George Newago and the vision of the ancestors: preserving treaty rights

Notice: Undefined property: stdClass::$image_fulltext_caption in /home/indiancountrynew/public_html/templates/ja_wall/html/com_content/article/default.php on line 164
src="http://indiancountrynews.net/images/stories/photo_album_with_folders_2008/news_photos/newago_george09.jpg" alt="
Notice: Undefined property: stdClass::$image_fulltext_alt in /home/indiancountrynew/public_html/templates/ja_wall/html/com_content/article/default.php on line 167
"/>

By Nick Vander Puy
Odanah, Wisconsin (NFIC) 9-09

Speaking at the Bad River reserve this summer, honoring the Great Lake Indian Fish and Wildlife Commission’s (GLIFWC) 25th anniversary and the affirmation of Ojibwe treaty rights, George Newago from Red Cliff wasn’t’ sure what he was going to say. But as he remembered Canadian moose hunts he warmed to the speech and powerfully captured what treaty rights mean to the Ojibwe people.

First , Newago  acknowledged elders  Mike and Fred Tribble from Lac Courte  Oreilles Ojibwe Reservation near Hayward, Wisconsin for consciously going out on the ice, fishing, and at the time violating State of Wisconsin fish and game laws in the nineteen seventies to bring a treaty rights test case.  Newago said, with a smile, he’s still a violator.

Newago wore several hats as the Ojibwe treaty rights cases wound their way through the federal court system, culminating in a  5-4 US Supreme Court decision in 1999, affirming treaty rights to hunt, fish, and gather in the ceded territories of Michigan, Wisconsin, and Minnesota.

Newago  was a tribal chair, a GLIFWC warden, Voigt task force  representative, and a harvester.

He qualified his moose hunting experience. Back some time ago he had a desire to hunt moose. He used to be a hacker golfer and he met some guys in Canada and asked them, “Hey, I want to hunt moose. I’d love to hunt moose.”                         And they said, “Hey, you’re welcome to hunt moose in our land.”  So Newago started asking around, asking a few people, “Hey, do you think I can get that animal across the border?”  He asked Jim Zorn, an  attorney for GLIFWC  that question who  said, “No, never gonna happen. Never gonna happen.”

One of the things Newago has always brought with him is an understanding that we really need to acknowledge our ancestors, we need to acknowledge our elders, and the spirits who are here to help us.

So Newago, Mike Wiggins, and Marvin Defoe went up to the Red Gut Native community near Fort Frances, Ontario, and on the way over the border they stopped in International Falls and purchased around a hundred and twenty gifts.  And they went into the community and gave those gifts and tobacco and had an old lady talk for them and asked if  they could hunt moose in their land.

Now, this is about the impact of harvesting. It’s not about sport. It’s about getting meat and feeding families and moving in that direction. So the men went out four days with other tribal members from Red Gut, and rode and rode and rode but they didn’t see a thing.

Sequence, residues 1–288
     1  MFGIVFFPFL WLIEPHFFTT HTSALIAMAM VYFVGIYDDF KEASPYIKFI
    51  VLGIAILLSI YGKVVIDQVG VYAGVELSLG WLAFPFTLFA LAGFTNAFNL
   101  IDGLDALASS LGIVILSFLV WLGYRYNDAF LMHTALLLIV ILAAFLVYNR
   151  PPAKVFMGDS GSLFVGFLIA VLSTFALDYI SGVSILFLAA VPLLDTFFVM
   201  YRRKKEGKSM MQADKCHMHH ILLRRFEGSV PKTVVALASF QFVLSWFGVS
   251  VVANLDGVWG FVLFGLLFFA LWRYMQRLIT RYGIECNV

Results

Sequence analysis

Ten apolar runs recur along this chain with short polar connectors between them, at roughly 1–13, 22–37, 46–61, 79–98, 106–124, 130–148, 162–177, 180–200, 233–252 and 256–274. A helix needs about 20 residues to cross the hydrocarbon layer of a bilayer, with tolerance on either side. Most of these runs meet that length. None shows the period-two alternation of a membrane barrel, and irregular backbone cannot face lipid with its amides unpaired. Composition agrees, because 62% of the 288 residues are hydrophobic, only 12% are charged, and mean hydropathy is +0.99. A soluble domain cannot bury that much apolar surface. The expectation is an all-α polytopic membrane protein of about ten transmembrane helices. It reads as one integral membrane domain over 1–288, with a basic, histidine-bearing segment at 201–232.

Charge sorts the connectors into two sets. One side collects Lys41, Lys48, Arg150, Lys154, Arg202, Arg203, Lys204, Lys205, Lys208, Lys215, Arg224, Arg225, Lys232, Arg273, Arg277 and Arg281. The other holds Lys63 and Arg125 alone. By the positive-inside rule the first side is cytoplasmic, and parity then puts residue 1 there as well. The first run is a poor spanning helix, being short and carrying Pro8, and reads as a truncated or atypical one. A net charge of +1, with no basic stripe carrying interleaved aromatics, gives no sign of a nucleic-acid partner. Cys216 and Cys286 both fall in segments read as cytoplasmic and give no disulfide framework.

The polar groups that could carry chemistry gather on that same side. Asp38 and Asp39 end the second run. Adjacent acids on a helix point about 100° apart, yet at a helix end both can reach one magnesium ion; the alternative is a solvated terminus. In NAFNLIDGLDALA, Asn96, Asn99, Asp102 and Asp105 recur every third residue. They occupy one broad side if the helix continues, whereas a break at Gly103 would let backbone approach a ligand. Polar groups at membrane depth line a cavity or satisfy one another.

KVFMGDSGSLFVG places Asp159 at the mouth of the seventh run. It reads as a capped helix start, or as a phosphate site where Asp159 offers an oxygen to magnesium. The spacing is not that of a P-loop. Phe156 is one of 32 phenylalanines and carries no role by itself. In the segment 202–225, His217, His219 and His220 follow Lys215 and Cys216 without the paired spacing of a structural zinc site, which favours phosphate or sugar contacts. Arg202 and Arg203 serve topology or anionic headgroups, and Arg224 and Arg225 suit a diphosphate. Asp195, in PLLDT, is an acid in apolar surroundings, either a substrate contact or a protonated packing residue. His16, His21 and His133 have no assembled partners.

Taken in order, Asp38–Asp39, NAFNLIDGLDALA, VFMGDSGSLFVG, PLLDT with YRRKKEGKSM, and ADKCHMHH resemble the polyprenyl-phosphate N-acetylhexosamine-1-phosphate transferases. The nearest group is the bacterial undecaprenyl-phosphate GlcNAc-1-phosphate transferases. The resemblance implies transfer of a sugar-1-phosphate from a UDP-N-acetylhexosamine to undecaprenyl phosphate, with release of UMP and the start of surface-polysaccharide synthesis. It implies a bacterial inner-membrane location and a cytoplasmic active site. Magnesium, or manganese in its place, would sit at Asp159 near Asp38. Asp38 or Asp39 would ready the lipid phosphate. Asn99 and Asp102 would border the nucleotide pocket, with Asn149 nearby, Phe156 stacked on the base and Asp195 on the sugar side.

But Newago had dreamt of a moose earlier and with his partners from Red Cliff stepped up to the plate, a moose presented itself and Newago harvested it.

Then it was time to transport the moose across the border. Newago carried a letter from the chief of the tribe gifting them the moose.

Canadian customs officials had other ideas when they  reached the border were unimpressed by the letter gifting the moose and interrogated them for several hours….

 

Mikey Wiggins from Bad River was worried he might go jail and lose his gun. according to Newago The customs officials were really confused because they’d never seen somebody try to transport a moose through customs this way.  But Newago who had experience in law enforcement helped everyone  get their  story together and was eventually able to transport the moose across international boundaries with only a letter from a chief. Newago has since brought over six other moose.

There’s a way of getting things done, Newago, reminds the people. “It goes back to remembering who we are. We are Anishinaabe. Remembering about asema (tobacco). Remembering to acknowledge and  ask our ancestors what we should do.”

Newago remembers when the State of Minnesota wanted to buy out treaty rights. When the Shinnabe (tribal members) went into another room and caucused, he said, “How many of you have asked your relatives what we should do?” Not a single person could raise their hands.

When the tribes finally asked in a shaking tent at Lac du Flambeau (Waswagoning) it was tough to ask the question and the spirits responded, “No, you gotta fight. You gotta stand up. You need to take care of, what you need to take care of.”

And when the tribes went to Washington in 1999, to argue for treaty rights in Mille Lacs v. Minnesota,  and they had that drum there in front of the US Supreme Court  Newago says it was like thunder. When he sat  next to the drum, he remembers,  it was so powerful it was unbelievable.

And  earlier when Congressman Dave Obey and Gov. Tommy  Thompson wanted to buy out treaty rights George Newago and Marvin DeFoe went to all the communities with tobacco for the elders and spiritual people and asked what we should do. And they came to Red Cliff to George’s mothers house and he received a four to five hour lesson on what treaty rights mean to the Anishinaabe….

“What he learned was those treaties were a vision of our  ancestors.  “It was our existence,” Newago says, “as Anishinaabe.”

And we found this out because we asked our relatives what we should do,  Newago says.

A Youtube program featuring George Newago can be found online at the account “Skabewis.”


 
0
0
0